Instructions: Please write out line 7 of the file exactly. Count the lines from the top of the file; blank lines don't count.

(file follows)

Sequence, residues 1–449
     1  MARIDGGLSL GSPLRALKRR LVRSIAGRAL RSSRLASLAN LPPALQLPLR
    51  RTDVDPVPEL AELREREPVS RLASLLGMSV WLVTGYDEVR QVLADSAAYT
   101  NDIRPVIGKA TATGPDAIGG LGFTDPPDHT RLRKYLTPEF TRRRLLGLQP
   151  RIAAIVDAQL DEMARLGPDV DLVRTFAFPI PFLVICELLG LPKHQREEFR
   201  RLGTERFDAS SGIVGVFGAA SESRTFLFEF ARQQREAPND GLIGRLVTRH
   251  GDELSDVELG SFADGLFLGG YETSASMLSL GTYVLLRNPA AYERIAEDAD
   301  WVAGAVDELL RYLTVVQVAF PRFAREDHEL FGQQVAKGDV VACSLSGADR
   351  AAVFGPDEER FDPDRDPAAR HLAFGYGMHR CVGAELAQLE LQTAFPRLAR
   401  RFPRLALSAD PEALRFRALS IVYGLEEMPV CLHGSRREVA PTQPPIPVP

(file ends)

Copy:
   251  GDELSDVELG SFADGLFLGG YETSASMLSL GTYVLLRNPA AYERIAEDAD